I would like us to move away forma media driven environment to one of a more stoical country that is more connected within it’s own society. The gulf between Politics and the media – which is now in grave danger of being seen as the same thing-and Society is large now I fear that the whole political process will collapse. Parties (sorry if the grammar or spelling is
    wrong!) will no longer get funding – as Sky does – so in the end we’ll be run by Tescos and Sky?!Suddenly people will realise that the media has ruined politics and politics matters.Gordon brown seems to show too much respect to sky and the rest of the media. It would be good if he would say ”Sky can take a hike on that one”and find his mettle.He could also say that
    Mr Pr only (David Cameron) could stick his questions on Megrahi where the sun don’t shine!

  • Trevor Malcolm, Portsmouth Hampshire



    Hey all, out there. ‘Twas Teatime Wednesday, when the rarity took place, (AC blog, 1 September): The gentleman “Graham” – presumably some chap with a PhD in using apostrophes – earned himself AC full approval, not once, but twice. Graham’s name gets mentioned TWICE, yet he only submitted TWO lines. A measly 28 words, in total

    Whereas the rest of us have to attend over 20 sessions of intense psychotherapy to earn that much focus of attention and “psychologically stroking”, so we too can feel that jolly valued and self-important

    Your apostrophe boffin must be bouncing off the walls with excitement. Since you launched your blog, 3 February 2009, count the number of times you’ve intervened to comment, on the fingers of one hand or two. Graham must hold a special place in your heart. Plus he deserves a free promotional goodie-bag, of course

    No wish to poop the party, but who knows if your crack “Search Engine Optimisation Team” (SEOT), those nerds promoting your weblog, and keen not to screw up on such a lucrative, ongoing contract, sense future problems, optimising your website?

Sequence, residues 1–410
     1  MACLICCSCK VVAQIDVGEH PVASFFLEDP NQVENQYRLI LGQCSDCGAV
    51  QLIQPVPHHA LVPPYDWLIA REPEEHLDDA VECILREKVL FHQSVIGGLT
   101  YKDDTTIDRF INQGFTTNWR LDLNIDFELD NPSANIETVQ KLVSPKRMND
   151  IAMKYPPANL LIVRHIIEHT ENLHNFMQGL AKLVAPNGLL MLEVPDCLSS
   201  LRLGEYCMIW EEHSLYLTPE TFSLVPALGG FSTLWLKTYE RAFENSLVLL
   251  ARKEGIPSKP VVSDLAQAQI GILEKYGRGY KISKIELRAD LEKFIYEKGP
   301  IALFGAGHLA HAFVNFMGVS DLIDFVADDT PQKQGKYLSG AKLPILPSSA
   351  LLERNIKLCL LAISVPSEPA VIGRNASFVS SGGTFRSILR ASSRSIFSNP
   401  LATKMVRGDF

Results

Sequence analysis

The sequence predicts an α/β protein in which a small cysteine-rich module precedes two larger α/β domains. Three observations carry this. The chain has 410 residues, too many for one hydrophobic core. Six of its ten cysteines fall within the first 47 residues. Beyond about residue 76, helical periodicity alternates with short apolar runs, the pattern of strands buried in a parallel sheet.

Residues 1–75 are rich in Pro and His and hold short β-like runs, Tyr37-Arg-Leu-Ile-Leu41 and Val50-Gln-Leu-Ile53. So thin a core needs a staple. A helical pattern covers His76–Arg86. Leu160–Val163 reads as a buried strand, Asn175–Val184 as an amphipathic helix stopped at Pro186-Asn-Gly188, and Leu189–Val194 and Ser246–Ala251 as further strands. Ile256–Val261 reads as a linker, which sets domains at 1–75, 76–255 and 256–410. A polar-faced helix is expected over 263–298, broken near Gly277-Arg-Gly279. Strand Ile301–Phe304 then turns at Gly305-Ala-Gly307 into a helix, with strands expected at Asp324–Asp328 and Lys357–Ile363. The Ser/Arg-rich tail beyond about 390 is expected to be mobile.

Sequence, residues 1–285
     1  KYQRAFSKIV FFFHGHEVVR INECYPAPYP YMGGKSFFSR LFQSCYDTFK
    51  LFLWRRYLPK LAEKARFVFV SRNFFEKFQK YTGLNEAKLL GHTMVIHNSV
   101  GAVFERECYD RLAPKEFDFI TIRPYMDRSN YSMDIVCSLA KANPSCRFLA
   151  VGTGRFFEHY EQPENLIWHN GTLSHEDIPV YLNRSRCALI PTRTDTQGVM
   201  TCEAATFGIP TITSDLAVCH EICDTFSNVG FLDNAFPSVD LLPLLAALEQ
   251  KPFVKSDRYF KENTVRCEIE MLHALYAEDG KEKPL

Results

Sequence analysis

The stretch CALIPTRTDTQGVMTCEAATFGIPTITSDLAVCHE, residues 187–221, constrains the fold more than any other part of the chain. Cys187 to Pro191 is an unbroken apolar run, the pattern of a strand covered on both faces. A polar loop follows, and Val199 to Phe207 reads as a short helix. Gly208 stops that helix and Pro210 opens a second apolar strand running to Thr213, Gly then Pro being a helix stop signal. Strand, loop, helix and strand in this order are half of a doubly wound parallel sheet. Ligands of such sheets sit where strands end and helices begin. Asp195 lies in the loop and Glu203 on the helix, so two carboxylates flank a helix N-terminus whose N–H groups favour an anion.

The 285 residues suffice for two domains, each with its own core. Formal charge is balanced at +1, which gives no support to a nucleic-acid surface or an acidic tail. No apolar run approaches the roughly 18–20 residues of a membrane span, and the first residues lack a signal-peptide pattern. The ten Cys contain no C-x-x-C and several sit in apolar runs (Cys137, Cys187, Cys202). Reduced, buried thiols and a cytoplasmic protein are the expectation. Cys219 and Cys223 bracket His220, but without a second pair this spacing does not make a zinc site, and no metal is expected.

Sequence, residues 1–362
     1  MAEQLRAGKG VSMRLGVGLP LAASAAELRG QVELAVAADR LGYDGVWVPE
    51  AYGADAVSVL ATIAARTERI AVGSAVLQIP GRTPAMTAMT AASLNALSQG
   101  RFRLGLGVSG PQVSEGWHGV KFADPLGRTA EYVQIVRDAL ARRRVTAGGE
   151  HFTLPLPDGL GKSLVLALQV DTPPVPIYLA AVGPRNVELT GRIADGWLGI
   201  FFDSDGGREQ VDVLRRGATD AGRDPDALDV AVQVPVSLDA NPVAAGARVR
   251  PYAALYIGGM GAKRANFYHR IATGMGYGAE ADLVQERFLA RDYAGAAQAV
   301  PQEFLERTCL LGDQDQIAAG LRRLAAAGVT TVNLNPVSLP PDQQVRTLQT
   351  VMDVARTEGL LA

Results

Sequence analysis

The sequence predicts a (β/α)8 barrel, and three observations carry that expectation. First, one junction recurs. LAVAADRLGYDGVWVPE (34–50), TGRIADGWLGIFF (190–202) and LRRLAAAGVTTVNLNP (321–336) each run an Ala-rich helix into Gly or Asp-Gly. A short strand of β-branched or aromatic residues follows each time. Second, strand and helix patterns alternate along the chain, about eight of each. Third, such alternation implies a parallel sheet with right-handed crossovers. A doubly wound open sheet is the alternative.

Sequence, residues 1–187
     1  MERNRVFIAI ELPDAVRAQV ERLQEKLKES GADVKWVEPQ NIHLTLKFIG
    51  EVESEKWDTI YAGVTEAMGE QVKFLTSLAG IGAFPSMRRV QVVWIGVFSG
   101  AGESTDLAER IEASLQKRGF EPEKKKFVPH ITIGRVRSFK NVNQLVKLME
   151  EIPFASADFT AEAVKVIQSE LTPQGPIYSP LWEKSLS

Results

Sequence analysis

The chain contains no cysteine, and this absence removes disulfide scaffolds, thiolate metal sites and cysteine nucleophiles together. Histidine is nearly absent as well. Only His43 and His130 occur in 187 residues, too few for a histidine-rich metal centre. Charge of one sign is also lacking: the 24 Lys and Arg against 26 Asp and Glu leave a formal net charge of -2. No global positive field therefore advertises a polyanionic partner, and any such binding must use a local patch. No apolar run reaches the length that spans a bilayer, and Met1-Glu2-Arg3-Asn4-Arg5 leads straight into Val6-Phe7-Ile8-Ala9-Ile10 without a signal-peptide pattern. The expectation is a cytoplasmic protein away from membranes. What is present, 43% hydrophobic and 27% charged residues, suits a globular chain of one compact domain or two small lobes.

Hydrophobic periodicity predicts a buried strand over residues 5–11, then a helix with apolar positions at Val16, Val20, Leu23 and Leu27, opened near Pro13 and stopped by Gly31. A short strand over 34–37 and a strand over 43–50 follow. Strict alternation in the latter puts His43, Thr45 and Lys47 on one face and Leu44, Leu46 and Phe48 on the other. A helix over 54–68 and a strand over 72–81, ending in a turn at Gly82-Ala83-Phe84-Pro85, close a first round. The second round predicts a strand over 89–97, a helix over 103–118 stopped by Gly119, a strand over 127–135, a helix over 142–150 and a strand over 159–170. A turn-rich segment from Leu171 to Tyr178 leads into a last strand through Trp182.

Geeks, whose engaging, reading material includes statistics, supplied courtesy of Google-Analytics, all hankering after a constant supply of keyword-rich, unique varied and highest content provision, despite it becoming increasingly difficult to come by

    Without that, they’d risk you slumping down the Google “natural results” radar screen, as most other weblogs that don’t promote so relentlessly, tend to, over time. Then, trouble sets in. Forced into stumping up advertising dollars, just to tout your speaking engagement availabilities

    So, I hope you extend your approval to the “backroom boys” who have made your commentary and observations the daily appointment “must-read” it has become

    In simple terms, remember to say “thank you” to the techie-folks, behind the scenes, who make it all go right for us to read

    Trevor Malcolm



  • Trevor Malcolm, Portsmouth Hampshire



    You detect the expression “Nae Worries, Lad” replacing the plebeian and colourless “Not at all” or the more genial but equally vacuous “It is my pleasure, Sire, I prithee”

    Or worse, that familiar, most popular, silent facial-gormlessness. Not so much as a “see ya again soon, cock” – Shameful, shameful